Perhaps you will perceive more clearly what I'm trying to say if I simply quote to you a passage from my first frustrated attempt at an essay on the impact of your very fine and quite perfectly melancholy music (forgive, please, the implied hubris of me quoting myself):

"Aimee Mann knows, deep down, that knowing and doing are two very different things. In her songs, she is continually juxtaposing the voice of acute self-awareness with the very thing self-awareness cannot prevent, which is, of course, the circular tragedy of desiring. Like the great novelist Marcel Proust, Mann seems to believe that, in matters of the heart, we are all of us doomed to repeat the exact same mistake, to fuck up over and over and over again in our own peculiar way. Mann's vision of fate, then, is essentially romantic; her songs portray an isolated intellect swamped by the claustrophobic dictates of an unyielding emotional need. There are also those rare moments when she suddenly frees herself from this claustrophobia just long enough to glimpse it from the outside. In these instances, Mann adopts the far-reaching perspective of the universal confidant offering warnings that are doomed to fall upon deaf ears, as in her song 'Driving Sideways':

At least you know

You were taken by a pro

I know just how you feel

She talked the perfect game

Deflecting all the blame

You took the jack

And changed the flat

And got behind the wheel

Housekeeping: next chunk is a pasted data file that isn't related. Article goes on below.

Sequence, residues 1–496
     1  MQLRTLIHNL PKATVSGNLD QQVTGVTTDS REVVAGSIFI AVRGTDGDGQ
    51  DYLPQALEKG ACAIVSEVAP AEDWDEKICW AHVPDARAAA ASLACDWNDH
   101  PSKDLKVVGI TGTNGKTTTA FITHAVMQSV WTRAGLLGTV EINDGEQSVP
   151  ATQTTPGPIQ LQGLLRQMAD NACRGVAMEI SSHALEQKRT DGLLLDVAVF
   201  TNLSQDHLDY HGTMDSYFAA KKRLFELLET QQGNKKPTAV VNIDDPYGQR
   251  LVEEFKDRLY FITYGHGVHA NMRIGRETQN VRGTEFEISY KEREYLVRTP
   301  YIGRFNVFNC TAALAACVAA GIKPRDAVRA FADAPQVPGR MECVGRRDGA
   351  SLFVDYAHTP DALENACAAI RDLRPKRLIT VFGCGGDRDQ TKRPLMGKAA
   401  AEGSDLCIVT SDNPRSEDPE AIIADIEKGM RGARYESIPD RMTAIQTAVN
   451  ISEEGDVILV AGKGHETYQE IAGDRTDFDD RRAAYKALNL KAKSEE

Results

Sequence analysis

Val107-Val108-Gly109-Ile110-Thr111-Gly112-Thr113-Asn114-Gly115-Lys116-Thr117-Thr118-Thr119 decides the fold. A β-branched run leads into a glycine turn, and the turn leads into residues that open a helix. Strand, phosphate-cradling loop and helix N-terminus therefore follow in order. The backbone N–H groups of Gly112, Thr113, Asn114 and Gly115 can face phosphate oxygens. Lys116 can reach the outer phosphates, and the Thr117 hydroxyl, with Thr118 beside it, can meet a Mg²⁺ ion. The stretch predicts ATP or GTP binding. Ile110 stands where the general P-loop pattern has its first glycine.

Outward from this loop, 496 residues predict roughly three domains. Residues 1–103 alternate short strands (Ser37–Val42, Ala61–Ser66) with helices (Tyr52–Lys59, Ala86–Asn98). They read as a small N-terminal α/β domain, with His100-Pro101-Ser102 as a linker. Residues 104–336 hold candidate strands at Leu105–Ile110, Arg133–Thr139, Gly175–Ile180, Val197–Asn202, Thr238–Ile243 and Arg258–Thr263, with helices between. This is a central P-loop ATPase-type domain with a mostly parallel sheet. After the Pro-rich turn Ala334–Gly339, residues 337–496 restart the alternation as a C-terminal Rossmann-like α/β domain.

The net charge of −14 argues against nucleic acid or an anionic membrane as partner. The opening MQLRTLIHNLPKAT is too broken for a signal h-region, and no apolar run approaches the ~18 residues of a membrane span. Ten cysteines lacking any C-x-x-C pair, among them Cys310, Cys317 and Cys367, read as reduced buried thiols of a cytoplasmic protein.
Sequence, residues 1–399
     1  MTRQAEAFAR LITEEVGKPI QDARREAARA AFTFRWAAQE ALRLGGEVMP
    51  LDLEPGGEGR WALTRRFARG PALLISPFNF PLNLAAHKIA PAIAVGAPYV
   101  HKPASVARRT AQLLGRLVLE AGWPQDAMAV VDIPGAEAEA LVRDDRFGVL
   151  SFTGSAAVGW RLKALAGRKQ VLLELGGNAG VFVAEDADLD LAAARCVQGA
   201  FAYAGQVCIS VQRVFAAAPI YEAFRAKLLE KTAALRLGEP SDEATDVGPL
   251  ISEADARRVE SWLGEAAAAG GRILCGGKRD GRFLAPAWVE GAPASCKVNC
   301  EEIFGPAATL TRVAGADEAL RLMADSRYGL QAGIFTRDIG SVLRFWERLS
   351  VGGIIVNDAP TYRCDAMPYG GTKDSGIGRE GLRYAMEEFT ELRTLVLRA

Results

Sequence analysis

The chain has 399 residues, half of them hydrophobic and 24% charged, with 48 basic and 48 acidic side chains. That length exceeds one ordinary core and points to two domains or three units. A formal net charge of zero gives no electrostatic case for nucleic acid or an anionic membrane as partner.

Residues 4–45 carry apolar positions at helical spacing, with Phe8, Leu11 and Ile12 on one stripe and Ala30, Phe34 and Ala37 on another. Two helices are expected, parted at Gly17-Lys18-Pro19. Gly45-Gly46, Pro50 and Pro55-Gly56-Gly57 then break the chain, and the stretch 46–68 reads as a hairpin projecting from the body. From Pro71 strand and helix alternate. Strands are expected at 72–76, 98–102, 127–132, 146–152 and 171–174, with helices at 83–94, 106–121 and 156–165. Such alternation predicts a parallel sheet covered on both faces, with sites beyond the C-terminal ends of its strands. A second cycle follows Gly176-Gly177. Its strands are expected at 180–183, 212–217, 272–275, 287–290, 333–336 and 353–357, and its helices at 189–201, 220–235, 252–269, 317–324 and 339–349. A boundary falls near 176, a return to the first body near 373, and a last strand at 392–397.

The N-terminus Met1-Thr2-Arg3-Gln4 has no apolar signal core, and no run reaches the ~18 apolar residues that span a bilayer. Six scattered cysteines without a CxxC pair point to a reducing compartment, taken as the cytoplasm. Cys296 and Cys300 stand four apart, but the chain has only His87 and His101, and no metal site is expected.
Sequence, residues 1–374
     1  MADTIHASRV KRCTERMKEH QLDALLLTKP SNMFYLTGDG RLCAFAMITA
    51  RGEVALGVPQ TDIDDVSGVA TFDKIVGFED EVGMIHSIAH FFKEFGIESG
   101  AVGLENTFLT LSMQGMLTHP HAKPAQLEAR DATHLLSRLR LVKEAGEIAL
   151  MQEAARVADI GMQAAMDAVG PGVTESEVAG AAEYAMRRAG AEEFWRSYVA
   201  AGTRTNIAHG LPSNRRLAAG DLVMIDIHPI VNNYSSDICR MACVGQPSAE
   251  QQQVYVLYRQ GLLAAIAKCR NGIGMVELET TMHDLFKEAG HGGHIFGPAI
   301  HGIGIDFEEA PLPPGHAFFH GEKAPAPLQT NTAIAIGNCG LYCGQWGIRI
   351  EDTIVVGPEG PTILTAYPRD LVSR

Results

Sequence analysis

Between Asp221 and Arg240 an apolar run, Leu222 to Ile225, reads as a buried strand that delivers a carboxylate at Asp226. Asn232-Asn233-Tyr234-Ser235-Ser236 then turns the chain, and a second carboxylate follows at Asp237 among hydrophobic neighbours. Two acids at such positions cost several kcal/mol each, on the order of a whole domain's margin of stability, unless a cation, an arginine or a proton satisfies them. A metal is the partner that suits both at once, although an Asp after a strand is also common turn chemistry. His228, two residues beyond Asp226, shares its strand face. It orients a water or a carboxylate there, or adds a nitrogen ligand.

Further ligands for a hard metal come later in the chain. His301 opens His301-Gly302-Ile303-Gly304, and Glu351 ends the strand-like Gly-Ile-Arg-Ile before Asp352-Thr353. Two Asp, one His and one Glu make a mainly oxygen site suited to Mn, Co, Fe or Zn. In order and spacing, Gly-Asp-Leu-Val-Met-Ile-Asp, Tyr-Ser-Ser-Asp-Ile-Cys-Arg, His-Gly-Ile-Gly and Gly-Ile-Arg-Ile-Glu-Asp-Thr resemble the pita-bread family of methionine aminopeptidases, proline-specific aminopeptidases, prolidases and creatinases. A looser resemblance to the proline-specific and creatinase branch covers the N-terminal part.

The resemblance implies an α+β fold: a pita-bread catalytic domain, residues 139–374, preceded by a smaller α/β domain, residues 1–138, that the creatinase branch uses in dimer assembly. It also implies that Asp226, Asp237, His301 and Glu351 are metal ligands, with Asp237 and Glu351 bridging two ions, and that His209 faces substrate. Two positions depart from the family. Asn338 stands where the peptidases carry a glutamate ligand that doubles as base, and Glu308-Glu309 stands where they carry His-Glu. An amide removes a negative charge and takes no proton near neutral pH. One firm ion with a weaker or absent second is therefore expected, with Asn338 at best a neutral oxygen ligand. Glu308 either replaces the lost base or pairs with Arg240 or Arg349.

Now you're

Driving sideways

Taken in by the scenery

As you're propelled along

And your companion

Will not help you to navigate

For fear she may be wrong."

Perhaps, in reading this, you can decipher the tangential manner in which your sadly beautiful music and lyrics seem at once to uncover and give shape to all those subterranean, amorphous sorrows of my own past. I choose the word "decipher" instead of "understand" because in the act of spelling [sic] out my feelings as they relate to your music, cause and effect become impossibly jumbled, and I find myself spiraling into an enervating vortex of fragmented emotions which are part mine, and, artistically speaking, part yours. What really strikes me about the passage above is how, under the charmed influence of your songs, I disguise or not so ingeniously couch practically the whole condensed psychological history of my own romantic failures, and also how those failures have completely and ineradicably informed my present vision of love, and therefore my ideas of heartbreak. Such writing, if it has any merit at all, belongs only in the privacy of my own journals.

In closing, Ms. Mann, I wish only to assert that I believe it was the absolute brilliance and technical perfection of your highly emotional songwriting that hastened the inevitable (i.e., the utter collapse of my belief in the expressibility [sic] of even the simplest subjective/critical insight into truly heartbreaking music). I suppose, in my own way, I am paying you the highest compliment. I can only hope you take it as such. And far from depressing me, this whole agonized and protracted situation has actually had an altogether liberating affect [sic]. I understand only now that, in the realm of songs that "break your (i.e., my) heart," there is a kind of psychosomatic erasure that secretly takes place between the listener and what he/she is listening to. Music, and especially sad music, is to be experienced and felt, not analyzed and talked about. The best sad music, I believe, works the miracle of articulating all those heartbreaking but ultimately salvational and gorgeous truths that cannot--indeed, should not--be articulated by one so enveloped in this or that sad song. The inscrutable laws of the heart forbid it to be otherwise.

Thank you for listening.


Rick Levin